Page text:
Sea turtles are classified in the Class Reptilia, Subclass Anapsida and Order Testudines. There are seven recognized species of sea turtles, six of which (the hawksbill, green, flatback, loggerhead, Kemp's ridley and olive ridley turtles) are in the Family Cheloniidae, with only one (the leatherback) in the Family Dermochelyidae. All seven species of sea turtles are listed under the Endangered Species Act.
The leatherback is the largest sea turtle and can reach lengths over 6 feet and weights over 2,000 pounds. These animals are deep divers, and have the ability to dive to over 3,000 feet. Leatherback turtles nest on tropical beaches, but can migrate as far north as Canada during the rest of the year. This turtle’s shell consists of a single piece with 5 ridges, and is distinctive from other turtles who have plated shells.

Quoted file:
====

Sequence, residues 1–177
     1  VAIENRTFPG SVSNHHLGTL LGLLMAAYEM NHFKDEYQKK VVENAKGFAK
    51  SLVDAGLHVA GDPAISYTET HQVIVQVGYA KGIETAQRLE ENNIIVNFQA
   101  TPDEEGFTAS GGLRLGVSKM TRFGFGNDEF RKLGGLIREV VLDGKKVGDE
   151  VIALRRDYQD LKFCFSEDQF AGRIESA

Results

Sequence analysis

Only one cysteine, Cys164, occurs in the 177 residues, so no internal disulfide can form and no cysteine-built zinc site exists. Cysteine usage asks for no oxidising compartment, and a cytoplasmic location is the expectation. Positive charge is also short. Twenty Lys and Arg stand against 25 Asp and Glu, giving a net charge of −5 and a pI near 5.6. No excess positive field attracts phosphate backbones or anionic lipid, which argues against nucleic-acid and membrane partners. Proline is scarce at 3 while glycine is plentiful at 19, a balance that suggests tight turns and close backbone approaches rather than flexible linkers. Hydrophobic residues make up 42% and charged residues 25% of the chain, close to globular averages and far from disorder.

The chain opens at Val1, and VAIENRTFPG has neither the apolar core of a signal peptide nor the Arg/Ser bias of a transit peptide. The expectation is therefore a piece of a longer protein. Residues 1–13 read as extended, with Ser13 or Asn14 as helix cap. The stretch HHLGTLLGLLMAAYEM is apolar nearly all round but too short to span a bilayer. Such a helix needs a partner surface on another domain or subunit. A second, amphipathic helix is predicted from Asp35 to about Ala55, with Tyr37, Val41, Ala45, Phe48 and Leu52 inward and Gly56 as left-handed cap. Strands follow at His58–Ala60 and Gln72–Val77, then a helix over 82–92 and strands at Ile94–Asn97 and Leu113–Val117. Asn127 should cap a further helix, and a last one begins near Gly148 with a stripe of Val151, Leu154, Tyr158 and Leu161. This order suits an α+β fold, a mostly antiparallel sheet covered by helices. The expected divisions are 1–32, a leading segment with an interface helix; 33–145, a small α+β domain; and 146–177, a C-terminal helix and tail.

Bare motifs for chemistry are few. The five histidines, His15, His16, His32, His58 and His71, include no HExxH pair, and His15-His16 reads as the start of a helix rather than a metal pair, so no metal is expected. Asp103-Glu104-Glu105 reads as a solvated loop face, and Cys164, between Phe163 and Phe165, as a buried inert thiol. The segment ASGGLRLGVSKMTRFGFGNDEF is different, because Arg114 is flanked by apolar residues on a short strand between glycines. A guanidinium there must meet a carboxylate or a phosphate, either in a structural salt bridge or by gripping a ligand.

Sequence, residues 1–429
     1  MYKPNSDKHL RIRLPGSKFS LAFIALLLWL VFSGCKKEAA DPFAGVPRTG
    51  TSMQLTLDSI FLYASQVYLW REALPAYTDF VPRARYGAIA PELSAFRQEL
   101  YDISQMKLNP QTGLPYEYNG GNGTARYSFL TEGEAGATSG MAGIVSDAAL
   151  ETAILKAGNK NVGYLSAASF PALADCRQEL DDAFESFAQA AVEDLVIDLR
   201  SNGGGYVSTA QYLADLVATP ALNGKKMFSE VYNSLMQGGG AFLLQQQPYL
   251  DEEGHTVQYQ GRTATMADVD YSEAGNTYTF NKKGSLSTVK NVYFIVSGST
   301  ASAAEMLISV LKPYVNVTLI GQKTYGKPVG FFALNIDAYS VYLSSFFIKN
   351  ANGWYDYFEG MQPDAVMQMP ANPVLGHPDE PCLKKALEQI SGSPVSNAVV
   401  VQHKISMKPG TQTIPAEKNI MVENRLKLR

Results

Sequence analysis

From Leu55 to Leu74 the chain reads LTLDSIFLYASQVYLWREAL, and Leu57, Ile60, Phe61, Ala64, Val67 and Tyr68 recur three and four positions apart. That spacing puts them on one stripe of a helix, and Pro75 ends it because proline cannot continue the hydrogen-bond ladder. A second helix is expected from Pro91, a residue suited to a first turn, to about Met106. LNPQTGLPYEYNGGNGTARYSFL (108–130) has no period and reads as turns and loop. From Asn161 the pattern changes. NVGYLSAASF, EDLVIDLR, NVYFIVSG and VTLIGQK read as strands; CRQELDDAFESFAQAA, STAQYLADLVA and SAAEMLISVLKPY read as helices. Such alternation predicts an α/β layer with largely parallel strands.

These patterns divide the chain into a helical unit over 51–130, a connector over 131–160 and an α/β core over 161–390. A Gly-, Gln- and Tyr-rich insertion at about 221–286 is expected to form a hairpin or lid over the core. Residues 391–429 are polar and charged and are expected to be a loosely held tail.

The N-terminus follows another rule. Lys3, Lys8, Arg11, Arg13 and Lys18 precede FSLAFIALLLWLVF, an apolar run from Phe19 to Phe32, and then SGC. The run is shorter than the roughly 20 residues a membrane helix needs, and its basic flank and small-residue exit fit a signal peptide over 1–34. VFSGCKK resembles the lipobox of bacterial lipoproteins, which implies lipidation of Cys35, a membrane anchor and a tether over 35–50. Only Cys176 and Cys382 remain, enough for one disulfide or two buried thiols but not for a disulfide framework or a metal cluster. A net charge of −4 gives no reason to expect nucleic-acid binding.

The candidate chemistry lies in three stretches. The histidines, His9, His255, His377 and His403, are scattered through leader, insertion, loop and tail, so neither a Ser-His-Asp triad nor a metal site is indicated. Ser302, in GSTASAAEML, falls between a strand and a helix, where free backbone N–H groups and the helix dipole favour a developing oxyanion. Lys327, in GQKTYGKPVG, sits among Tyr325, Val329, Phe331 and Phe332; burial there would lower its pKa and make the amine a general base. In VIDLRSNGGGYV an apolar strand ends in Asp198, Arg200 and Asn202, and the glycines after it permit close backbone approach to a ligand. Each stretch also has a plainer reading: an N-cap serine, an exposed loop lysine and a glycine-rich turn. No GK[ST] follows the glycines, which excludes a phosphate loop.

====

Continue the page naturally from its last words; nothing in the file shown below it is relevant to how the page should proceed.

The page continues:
The green turtle is large, with a carapace up to 3 feet long. Green turtles weigh up to 350 pounds and their carapace can be many colors, including shades of black, gray, green, brown or yellow. Adult green turtles are the only herbivorous sea turtles. When young, they are carnivorous, but as adults they eat seaweeds and seagrass. They are found in tropical and sub-tropical waters around the world.
The hawksbill turtle grows to lengths of 3.5 feet long and weights of up to 180 pounds. Hawksbill turtles were named for the shape of their beak, which looks similar to the beak of a raptor. These turtles have a beautiful tortoiseshell pattern on their carapace, and were hunted nearly to extinction for their shells. Hawksbill turtles live in tropical waters and feed on sponges.
Olive ridley turtles are named for - you guessed it - their olive-colored shell. Like the Kemp’s Ridley, they are small, and weigh less than 100 pounds. They are found in tropical regions around the world. They eat mostly invertebrates such as crabs, shrimp, rock lobsters, jellyfish, and tunicates, although some eat primarily algae. When nesting, females come to shore in colonies of up to a thousand turtles and have mass nesting aggregations (arribadas) on the coasts of Central America and East India.